Research for stronger health systems post conflict

ReBUILD's work on health worker incentives and remuneration

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Health worker incentives research

Our focus

Human resources development is an important part of ReBUILDing the health sector post-conflict but has received relatively little attention in the literature and may be overlooked by decision-makers and donors. No study to date has focused on how the decisions made, or not made, in the post-conflict period can affect the longer term pattern of attraction, retention, distribution and performance of health workers, and thus ultimately the performance of the sector.

In our health worker incentive research, which is being undertaken in all four focal ReBUILD countries, we ask how incentive environments have evolved in the shift away from conflict in each country, and what drove this process. We analyse changing HRH policies and their effects, intended and unintended, and draw from this lesson for future, better interventions. The project protocol summary for this work can be downloaded here.

Our research methods look back over the period since the conflict or crisis and are based on analysis of documents and HR data, combined with surveys of staff and key informant interviews. Career histories have proved particularly effective at highlighting staff experiences of conflict and post-conflict periods and policies.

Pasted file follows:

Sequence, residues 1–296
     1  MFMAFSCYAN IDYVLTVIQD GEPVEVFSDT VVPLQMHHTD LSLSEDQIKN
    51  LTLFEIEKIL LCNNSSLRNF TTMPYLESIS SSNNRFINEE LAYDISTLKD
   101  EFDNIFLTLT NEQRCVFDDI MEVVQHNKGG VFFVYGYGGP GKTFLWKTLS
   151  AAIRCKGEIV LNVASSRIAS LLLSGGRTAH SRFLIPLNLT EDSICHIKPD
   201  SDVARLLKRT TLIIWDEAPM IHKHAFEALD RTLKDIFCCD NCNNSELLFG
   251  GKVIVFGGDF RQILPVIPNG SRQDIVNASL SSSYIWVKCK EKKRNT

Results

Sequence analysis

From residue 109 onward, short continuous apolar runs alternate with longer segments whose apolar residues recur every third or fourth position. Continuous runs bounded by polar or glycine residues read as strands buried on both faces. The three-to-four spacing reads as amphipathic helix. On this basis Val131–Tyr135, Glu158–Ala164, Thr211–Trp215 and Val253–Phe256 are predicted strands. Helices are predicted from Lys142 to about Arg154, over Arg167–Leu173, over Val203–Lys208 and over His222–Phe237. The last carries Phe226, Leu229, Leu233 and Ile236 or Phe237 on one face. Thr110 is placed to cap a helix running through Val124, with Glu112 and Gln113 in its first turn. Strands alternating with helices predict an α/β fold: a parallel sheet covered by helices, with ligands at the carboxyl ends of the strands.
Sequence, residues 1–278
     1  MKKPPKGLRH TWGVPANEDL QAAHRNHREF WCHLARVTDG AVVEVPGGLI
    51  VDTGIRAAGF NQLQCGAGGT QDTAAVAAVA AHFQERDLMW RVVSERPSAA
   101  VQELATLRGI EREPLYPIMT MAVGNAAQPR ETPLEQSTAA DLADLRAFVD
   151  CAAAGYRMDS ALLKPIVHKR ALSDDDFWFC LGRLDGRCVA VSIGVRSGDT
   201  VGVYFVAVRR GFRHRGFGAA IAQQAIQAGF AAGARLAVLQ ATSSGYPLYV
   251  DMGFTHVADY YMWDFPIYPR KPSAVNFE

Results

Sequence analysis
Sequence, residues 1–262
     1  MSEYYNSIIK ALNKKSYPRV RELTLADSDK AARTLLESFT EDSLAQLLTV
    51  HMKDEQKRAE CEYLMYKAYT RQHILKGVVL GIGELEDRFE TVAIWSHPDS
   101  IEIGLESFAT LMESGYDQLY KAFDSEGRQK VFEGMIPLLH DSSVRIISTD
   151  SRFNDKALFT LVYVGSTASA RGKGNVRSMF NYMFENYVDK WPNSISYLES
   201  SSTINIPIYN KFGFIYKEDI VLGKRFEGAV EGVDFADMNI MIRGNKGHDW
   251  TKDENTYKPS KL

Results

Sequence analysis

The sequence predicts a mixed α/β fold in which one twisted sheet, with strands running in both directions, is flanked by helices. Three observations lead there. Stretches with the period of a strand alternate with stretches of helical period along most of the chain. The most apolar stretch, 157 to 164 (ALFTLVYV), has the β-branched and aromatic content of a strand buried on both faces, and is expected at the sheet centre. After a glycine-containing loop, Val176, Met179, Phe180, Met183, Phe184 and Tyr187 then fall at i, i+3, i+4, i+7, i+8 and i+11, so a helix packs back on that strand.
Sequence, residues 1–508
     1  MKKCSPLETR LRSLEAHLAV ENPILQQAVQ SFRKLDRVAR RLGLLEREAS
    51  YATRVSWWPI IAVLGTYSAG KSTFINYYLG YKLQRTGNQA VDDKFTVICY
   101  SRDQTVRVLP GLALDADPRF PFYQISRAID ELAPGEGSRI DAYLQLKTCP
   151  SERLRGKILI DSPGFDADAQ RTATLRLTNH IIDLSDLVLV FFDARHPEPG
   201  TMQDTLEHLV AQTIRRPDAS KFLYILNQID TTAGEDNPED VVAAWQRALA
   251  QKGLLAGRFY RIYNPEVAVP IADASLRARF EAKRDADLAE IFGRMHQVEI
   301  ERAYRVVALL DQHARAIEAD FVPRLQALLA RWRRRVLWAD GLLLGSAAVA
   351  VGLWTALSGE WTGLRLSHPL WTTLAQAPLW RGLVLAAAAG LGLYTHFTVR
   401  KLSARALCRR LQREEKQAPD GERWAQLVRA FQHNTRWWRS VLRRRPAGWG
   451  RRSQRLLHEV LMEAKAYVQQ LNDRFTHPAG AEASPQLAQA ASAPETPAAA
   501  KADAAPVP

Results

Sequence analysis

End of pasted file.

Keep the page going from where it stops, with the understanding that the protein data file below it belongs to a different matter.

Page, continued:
ReBUILD's work on health worker incentives also includes a further line of research being conducted by ReBUILD's Affiliate partners at the London School of Hygiene and Tropical Medicine, into health workers' incentives, remuneration and accountability in Sierra Leone.

Findings

Research emerging from northern Uganda highlights experiences of conflict and the resilience shown by those who chose to stay and continue to serve during the long-standing recent conflict, and the need for more effective protection of staff and recognition of their contribution.

The extent of a ‘window of opportunity’ post-conflict to reset health systems on a different path is examined in one of our papers on Sierra Leone, using HRH policy development as a case study. We find that the Free Health Care Initiative in 2010 catalysed major changes for HRH, and bring results together across research tools, we analyse its overall effects on health workers. Health staff have since been hit by the Ebola epidemic, and an ongoing research project is examining coping strategies and lessons for increasing resilience of health system and staff. ReBUILD findings are also being shared with agencies involved in post-Ebola planning.

Ongoing work In Zimbabwe will analyse differences in incentive packages across public, municipal, rural district council, mission and private sectors, and how these are distorting service delivery, while in Cambodia, the different phases in HRH policy-making post-conflict and the challenges that remain, especially in under-served areas, will be presented.

Our future work will focus on drawing lessons across countries on effective incentive policies and packages in different contexts, and on over-arching themes, such as the potential contribution of HRH to state-building in conflict-affected settings.